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Pending Texas Case Could Change Malpractice Procedures

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A pending case in the Texas Supreme Court may reverse a previous reform to medical malpractice suits in the state. This reform places restrictions on pre-trial discovery and postpones discovery until after the defendant gets an expert report confirming negligence.

This reform was originally made in order to quell excessive litigation. Many trial lawyers, however, are opposed to such reform because getting an expert opinion without full discovery can be very difficult.

The entire article from Legal Newsline detailing the pending case about this reform follows:

Lawyers, doctors await Tex. SC med-mal ruling: report

by Rob Luke

AUSTIN — The Texas Supreme Court is currently mulling a case that could remove a key reform to the Lone Star State’s medical-practice lawsuits, writes a prominent legal journal.

Texas Lawyer (TL) reported today that the case (In Re: Jack Jorden, M.D.) will determine whether restrictions on pre-trial discovery in med-mal cases, introduced in 2003, trump a state provision allowing such discovery. An appellate court in Tyler ruled it did not, but similar courts in Houston and Eastland disagreed.

The 2003 reform, which postpones the discovery phase of a med-mal case until after the defendant gets an expert report concluding negligence, was part of the state’s 2003 tort-reform bill called H.B. 4. The bill introduced a variety of reforms because of what it called the state’s “environment of excessive litigation.”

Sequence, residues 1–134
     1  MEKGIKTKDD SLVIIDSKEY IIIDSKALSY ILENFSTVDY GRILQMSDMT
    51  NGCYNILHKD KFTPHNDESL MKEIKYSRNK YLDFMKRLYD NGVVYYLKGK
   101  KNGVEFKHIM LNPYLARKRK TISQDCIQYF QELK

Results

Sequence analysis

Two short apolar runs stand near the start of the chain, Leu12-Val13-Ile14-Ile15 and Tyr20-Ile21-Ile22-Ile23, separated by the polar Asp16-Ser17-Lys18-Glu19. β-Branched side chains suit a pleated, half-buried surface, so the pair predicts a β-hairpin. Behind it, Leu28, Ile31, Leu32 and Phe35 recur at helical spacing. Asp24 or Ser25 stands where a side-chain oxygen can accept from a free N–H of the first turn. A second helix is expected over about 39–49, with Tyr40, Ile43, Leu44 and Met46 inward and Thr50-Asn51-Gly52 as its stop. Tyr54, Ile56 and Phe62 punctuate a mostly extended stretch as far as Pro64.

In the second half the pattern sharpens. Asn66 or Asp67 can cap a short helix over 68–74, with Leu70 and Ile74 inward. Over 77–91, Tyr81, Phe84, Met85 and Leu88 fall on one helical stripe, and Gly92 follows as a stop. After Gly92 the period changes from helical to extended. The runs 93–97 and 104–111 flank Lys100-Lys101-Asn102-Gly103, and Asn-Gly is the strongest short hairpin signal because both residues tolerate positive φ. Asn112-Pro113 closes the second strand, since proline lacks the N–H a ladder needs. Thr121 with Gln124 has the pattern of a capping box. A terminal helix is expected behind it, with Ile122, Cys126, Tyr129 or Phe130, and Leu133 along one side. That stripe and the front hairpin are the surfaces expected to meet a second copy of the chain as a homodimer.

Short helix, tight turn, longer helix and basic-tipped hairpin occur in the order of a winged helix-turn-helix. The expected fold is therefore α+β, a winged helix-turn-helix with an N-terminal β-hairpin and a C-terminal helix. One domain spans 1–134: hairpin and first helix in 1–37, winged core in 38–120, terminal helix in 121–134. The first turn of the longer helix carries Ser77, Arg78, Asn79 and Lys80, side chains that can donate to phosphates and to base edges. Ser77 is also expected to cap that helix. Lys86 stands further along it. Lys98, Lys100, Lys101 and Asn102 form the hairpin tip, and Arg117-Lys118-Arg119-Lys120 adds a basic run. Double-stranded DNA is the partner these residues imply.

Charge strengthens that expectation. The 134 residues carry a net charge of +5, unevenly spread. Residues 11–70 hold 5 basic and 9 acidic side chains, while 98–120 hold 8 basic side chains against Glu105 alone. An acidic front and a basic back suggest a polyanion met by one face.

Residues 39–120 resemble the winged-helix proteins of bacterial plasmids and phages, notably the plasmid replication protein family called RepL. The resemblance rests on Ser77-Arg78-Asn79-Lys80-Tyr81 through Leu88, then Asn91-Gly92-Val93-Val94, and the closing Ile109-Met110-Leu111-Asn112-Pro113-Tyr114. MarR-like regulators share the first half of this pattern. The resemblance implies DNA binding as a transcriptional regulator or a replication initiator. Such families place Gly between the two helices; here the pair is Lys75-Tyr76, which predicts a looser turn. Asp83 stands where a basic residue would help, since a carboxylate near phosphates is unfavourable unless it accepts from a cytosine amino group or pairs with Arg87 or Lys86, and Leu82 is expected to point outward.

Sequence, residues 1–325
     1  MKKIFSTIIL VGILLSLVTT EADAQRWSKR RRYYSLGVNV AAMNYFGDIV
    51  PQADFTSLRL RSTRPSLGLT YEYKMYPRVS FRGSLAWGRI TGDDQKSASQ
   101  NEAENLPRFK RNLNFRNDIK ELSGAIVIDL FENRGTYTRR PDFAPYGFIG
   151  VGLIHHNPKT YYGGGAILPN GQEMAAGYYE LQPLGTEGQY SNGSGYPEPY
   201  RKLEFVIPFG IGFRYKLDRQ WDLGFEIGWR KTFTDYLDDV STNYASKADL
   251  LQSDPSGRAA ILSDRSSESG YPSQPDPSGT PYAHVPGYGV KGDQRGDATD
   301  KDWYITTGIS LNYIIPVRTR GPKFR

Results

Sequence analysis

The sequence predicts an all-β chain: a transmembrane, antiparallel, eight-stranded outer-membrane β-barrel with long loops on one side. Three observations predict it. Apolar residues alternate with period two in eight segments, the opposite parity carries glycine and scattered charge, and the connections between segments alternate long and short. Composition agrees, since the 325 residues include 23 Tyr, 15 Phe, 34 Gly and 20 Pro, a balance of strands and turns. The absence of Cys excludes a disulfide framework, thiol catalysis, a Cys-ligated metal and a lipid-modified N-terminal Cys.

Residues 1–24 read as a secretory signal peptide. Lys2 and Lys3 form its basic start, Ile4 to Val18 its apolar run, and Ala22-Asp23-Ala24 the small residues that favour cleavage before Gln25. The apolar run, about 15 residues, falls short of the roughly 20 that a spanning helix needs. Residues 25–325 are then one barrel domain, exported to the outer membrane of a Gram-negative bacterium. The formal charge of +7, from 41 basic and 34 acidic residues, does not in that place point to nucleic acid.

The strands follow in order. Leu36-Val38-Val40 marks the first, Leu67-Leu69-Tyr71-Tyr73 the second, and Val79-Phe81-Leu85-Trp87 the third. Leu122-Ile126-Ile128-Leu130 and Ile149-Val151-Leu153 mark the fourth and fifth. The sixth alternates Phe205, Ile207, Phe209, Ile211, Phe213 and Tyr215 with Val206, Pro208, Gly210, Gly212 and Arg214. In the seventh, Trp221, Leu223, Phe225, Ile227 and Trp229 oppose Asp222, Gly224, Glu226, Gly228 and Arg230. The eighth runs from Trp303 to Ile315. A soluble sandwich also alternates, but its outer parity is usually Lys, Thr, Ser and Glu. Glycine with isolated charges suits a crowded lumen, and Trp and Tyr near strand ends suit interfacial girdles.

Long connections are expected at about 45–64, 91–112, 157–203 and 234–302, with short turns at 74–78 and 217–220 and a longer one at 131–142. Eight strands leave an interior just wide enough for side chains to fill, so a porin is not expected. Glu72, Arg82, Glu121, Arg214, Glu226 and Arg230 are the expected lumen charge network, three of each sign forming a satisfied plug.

The point of such changes is to cut costs in the system by weeding out weaker cases through limited discovery. Trial lawyers strongly opposed the move, claiming they could not gain an expert opinion without sufficient discovery, TL noted.

Early signs are that the med-mal reforms at issue in the case are beginning to show positive results, the TL piece pointed out, quoting briefs from the Texas Medical Association (TMA) among others. Access to care is improving while non-meritorious claims are decreasing, TMA’s attorney pointed out.

But that could be in jeopardy if the Supreme Court follows the Tyler appellate decision and allows both to co-exist. “If you allow the process that the Tyler Court of Appeals allowed, virtually all of the safeguards on discovery that were imposed by H.B. 4 could be bypassed,” R. Brent Cooper, an attorney in the case, told TL.

The state’s trial lawyers, not surprisingly, have a different take. Texas Trial Lawyers Association President Jay Harvey told TL the case was about whether “the courts will continue to treat the health-care industry as a protected class beyond the legal system.”

For more information on this subject, please refer to our section on Medical Malpractice and Negligent Care.